ORNL’s Ilia Ivanov (left) and Chris Tulk (right) in front of the SNAP diffractometer. Photo: Genevieve Martin/ORNL.
ORNL’s Ilia Ivanov (left) and Chris Tulk (right) in front of the SNAP diffractometer. Photo: Genevieve Martin/ORNL.

Unexpected results from a neutron scattering experiment at the US Department of Energy (DOE)'s Oak Ridge National Laboratory (ORNL) could open up a new pathway for synthesizing novel materials and also help explain the formation of complex organic structures observed in interstellar space.

In a paper published in Angewandte Chemie International Edition, the multi-institutional team of researchers, led by Haiyan Zheng from the Center for High Pressure Science and Technology Advanced Research in Beijing, China, discuss using high pressures – rather than high temperatures – to initiate chemical reactions.

Their research will significantly improve scientists' understanding of complex carbon materials and may also offer clues to the formation of amino acids by non-biological processes. "This discovery was somewhat of a beautiful accident," said Ilia Ivanov, a research scientist at the ORNL's Center for Nanophase Materials Sciences, a DOE Science User Facility.

Ivanov traces the discovery back to a neutron diffraction experiment at ORNL's Spallation Neutrons and Pressure (SNAP) diffractometer – also a DOE Office of Science User Facility. While performing a high-pressure polymerization experiment on the chemical compound acetonitrile (CH3CN) using the SNAP instrument, researchers detected the unexpected presence of ammonia. Ammonia is a colorless gas but has a very distinct odor that can be detected in even minute quantities.

"If you put acetonitrile under high pressures, you'll bring molecules together and see it reacting with itself, and eventually, it forms either a solid yellowish polymer or, as we found out, a black, carbon-rich material," Ivanov said.

Acetonitrile is one of a number of organic compounds that have been discovered in outer space and is thought to be implicated in the origins of simple amino acids, one of the basic building blocks of life. In a cosmic event such as an asteroid collision, the pressures and temperatures generated can be very large, and in the presence of acetonitrile they could mimic the experiment the researchers conducted at SNAP.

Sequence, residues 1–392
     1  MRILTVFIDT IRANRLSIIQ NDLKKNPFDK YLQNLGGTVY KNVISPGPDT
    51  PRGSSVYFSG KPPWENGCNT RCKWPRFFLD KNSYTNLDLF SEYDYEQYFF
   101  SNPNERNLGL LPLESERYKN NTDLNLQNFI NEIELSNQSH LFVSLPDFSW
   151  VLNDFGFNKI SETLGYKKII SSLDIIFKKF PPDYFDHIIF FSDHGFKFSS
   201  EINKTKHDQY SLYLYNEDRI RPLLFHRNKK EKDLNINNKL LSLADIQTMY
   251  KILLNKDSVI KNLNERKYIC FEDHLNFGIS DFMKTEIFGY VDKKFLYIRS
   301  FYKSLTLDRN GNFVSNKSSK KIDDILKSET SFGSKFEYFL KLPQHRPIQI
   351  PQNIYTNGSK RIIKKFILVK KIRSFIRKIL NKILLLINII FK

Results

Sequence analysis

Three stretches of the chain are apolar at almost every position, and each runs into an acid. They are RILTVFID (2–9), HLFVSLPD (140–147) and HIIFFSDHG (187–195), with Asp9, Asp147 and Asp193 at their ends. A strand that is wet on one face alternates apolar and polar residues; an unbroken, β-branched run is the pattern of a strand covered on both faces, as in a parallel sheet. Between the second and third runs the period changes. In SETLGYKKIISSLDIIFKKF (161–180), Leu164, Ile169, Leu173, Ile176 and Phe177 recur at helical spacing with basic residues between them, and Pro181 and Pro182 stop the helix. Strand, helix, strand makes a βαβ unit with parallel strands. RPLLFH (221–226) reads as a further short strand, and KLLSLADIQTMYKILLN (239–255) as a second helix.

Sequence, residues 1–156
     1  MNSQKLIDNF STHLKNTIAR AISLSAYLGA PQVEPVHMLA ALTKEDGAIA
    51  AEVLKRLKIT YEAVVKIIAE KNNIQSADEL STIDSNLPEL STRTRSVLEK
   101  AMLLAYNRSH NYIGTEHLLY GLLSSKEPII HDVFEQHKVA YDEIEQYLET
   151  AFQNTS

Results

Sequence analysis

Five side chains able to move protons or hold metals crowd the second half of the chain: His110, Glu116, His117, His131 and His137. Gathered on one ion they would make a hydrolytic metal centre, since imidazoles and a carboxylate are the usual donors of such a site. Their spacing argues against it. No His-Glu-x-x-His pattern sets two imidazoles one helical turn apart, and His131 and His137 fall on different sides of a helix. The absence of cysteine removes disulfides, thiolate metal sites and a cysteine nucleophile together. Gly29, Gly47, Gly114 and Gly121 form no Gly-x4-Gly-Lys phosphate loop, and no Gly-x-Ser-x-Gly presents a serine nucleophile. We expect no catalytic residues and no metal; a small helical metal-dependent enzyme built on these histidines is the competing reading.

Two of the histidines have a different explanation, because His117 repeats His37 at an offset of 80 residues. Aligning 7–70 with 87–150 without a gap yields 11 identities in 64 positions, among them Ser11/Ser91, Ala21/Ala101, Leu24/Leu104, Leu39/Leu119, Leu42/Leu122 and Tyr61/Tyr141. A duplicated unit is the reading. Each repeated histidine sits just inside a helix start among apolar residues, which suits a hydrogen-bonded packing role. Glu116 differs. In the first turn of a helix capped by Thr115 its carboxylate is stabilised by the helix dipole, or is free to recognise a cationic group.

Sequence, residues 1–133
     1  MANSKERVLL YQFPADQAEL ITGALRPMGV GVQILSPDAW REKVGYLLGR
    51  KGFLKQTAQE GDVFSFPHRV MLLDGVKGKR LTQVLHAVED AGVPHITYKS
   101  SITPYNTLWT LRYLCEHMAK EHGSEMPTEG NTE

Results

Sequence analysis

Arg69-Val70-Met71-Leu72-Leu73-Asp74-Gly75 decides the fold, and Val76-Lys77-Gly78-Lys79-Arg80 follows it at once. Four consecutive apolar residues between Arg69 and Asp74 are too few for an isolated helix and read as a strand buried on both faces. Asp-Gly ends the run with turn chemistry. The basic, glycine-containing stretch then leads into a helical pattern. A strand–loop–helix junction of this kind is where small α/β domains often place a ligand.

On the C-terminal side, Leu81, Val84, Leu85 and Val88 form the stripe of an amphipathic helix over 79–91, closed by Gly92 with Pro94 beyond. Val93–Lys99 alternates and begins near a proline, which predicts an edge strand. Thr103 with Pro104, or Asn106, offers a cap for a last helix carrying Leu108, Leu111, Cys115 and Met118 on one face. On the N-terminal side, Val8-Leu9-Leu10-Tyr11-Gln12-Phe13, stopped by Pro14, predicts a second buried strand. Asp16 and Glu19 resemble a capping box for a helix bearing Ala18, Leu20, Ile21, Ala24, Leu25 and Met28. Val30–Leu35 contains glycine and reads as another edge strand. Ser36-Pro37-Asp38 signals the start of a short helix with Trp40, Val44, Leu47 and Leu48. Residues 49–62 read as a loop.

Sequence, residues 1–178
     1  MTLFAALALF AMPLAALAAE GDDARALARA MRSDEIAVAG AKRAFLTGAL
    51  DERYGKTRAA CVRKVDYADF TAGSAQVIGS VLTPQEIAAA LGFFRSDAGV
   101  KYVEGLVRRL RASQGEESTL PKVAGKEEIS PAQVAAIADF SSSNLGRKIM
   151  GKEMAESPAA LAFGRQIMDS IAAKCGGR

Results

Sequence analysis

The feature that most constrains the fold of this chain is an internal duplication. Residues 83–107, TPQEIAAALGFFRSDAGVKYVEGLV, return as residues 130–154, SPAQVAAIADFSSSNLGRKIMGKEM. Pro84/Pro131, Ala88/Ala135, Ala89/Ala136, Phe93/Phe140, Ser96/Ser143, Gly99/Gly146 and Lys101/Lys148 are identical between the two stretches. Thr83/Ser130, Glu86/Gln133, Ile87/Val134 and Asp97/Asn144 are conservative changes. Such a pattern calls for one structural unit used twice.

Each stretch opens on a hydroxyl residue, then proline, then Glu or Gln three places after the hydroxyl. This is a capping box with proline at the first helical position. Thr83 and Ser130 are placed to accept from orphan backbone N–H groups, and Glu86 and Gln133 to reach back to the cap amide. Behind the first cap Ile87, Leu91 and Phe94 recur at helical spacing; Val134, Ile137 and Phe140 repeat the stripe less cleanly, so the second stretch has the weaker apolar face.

The formation of the yellowish polymer was the expected result of the SNAP experiment, explained SNAP instrument scientist Chris Tulk, but a surprise was just ahead. "When the sample was depressurized and the pressure cell opened, ammonia was detected. It has a very distinct scent," Tulk said. "We thought, 'there shouldn't be ammonia in this sample right now'. So we started looking for what could have happened to first form, and then release, ammonia."

This led the researchers to collaborate with experts in advanced electron microscopy, materials science and computing to understand the mysterious results. Based on a combination of computer simulations and microscopy, they concluded that nitrogen had left the acetonitrile sample, leaving behind an enriched carbon-based material.

"The carbon material that was left was imaged using our best electron microscopes," Ivanov said. "It had onion-like layers – one shell of carbon sheet after another. So nitrogen went somewhere, but where did it go? It escaped in the form of ammonia gas."

Because a temperature-based catalyst is usually required to convert a polymer into another material, this ability to cause a chemical reaction through pressure alone is unusual. "I wanted to continue doing these experiments to determine how much we could control the structure of a carbon material through pressure, not temperature," said Ivanov, comparing the experimental conditions with those found in household pressure cookers.

"In most cases, pressure cookers still use high temperatures to help foods cook thoroughly. But with our experiments, we've been able to use a sort of pressure cooking at room temperature, albeit at much higher pressures."

While a pressure cooker operates at pressures of 0.1 megapascals, these experiments used much higher pressures – up to 23,000 megapascals, which corresponds to the pressure found 650km below the Earth's surface at the boundary between its upper and lower mantle.

"This paper is truly exciting for us," Tulk said. "Using this process with the addition of oxygen, possibly by the addition of carbon dioxide or water into the reactants, complex carbon structures similar to the kind we suspect throughout early formation of amino acids on Earth may be realized."

The researchers note that cross-disciplinary expertise in neutron sciences and nanoscience, together with the Energy Frontier Research in Extreme Environments (EFree) Center, a DOE Energy Frontier Research Center, made the research possible.

"One without the other seemed like a one-sided mission. Two aspects of research, structure and functionality, were brought together through the synergetic work. Through joint efforts like this, we continue to help users drive the discovery of new materials and new functionalities," Ivanov said.

This story is adapted from material from ORNL, with editorial changes made by Materials Today. The views expressed in this article do not necessarily represent those of Elsevier. Link to original source.